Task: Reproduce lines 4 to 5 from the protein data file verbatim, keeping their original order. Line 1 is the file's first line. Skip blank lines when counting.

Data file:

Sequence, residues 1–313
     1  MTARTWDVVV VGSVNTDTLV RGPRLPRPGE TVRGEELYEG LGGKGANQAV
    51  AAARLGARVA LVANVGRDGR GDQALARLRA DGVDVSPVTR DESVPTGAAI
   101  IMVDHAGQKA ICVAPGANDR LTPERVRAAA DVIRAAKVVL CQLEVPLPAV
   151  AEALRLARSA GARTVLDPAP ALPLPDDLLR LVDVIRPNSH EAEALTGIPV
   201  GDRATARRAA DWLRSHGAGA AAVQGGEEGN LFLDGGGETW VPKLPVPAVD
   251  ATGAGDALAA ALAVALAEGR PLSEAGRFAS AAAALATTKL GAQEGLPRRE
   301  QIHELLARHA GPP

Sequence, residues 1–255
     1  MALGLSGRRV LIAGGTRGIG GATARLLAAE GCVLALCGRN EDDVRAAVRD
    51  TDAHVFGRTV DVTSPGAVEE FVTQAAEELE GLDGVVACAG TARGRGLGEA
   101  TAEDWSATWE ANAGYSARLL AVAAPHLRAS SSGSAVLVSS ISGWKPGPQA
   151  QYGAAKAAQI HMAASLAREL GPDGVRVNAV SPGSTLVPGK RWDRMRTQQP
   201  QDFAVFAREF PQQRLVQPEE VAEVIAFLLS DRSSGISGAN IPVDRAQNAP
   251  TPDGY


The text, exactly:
   101  IMVDHAGQKA ICVAPGANDR LTPERVRAAA DVIRAAKVVL CQLEVPLPAV
   151  AEALRLARSA GARTVLDPAP ALPLPDDLLR LVDVIRPNSH EAEALTGIPV